Movie Review: Red Hill (2010)
“Revenge just rode into town.”
Red Hill (2010)
Director: Patrick Hughes
Cast: Ryan Kwanten, Steve Bisley, Tommy Lewis
Synopsis: A town’s new police officer must deal with an escaped convict intent on exacting revenge on the sheriff who put him away.
WARNING! This review contains SPOILERS!
The new sheriff of a remote, sleepy town finds himself finds himself facing a murderous rampage by a convict intent on exacting revenge on the sheriff who put him away. Sounds like something from a 1950s Hollywood B-western, doesn’t it? But Red Hill is actually set in modern day Australia, mate. Of course, there’s nothing wrong with updating an old genre – as long as you can assimilate its tropes with the everyday facts of modern day life. Back in the 1800s a sheriff would find himself at the mercy of that vengeful outlaw because help was a three day ride away across hostile Indian territory. In the sleepy town of Red Hill, satellite TV’s blanket coverage of the escape informs the residents of Red Hill that Jimmy Conway, who, with his burned face, looks like a distant cousin to Freddie Kreuger, has escaped, but doesn’t send reporters to his home town to gauge its public’s reaction. Likewise, the national police don’t think to provide a little back-up for the town just in case Jimmy decides to take a trip down memory lane – or wonder why it’s all gone quiet over there a day or two after Jimmy escapes…
Red Hill gets plenty of effective mileage out of the Western theme – at one point, Jimmy rides his horse through the unnaturally deserted town at night, and even the buildings behind him look like they belong in some desert town in Arizona – but that doesn’t make up for the lack of tension throughout. This is largely due to the fact that most of the policemen Jimmy is picking off one by one are only introduced to the audience in one short briefing scene, and are all completely unlikable. And once Jimmy lets the new guy go free without harming him about two-thirds of the way through the film we don’t even have him to worry about any more. Jimmy, played by Tom E. Lewis, who was the kid in The Chant of Jimmie Blacksmith back in the 1970s, is given an almost supernatural aura, never speaking until the end of the film, seemingly impervious to the shots of Red Hill’s rapidly depleting stock of deputies, and unerringly accurate in his aim (apart from when he has an easy shot at our fleeing hero when his aim is suddenly all over the place).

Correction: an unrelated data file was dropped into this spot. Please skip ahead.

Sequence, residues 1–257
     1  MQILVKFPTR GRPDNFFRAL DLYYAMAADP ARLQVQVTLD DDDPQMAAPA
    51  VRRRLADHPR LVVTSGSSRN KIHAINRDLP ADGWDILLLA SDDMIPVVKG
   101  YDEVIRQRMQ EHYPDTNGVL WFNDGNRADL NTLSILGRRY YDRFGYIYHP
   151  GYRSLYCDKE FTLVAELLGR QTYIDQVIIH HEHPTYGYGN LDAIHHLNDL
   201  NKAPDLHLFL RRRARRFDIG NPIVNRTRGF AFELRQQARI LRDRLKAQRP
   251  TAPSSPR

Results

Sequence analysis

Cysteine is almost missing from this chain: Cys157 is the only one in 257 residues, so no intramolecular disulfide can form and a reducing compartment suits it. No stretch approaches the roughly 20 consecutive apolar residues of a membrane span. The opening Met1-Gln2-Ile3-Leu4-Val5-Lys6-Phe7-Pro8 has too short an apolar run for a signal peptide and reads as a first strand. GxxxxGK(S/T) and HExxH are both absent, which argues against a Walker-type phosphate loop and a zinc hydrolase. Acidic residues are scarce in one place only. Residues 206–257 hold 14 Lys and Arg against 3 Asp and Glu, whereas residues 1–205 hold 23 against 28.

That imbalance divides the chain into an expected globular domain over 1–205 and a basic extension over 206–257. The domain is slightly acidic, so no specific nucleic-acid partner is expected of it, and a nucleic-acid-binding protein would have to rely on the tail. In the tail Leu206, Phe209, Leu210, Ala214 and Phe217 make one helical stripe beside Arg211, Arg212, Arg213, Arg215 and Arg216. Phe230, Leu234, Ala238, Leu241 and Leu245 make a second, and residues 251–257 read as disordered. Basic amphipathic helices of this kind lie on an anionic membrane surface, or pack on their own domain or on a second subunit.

There’s nothing particularly bad about Red Hill, but there’s nothing particularly good or unique about it either.
(Reviewed 20th December 2011)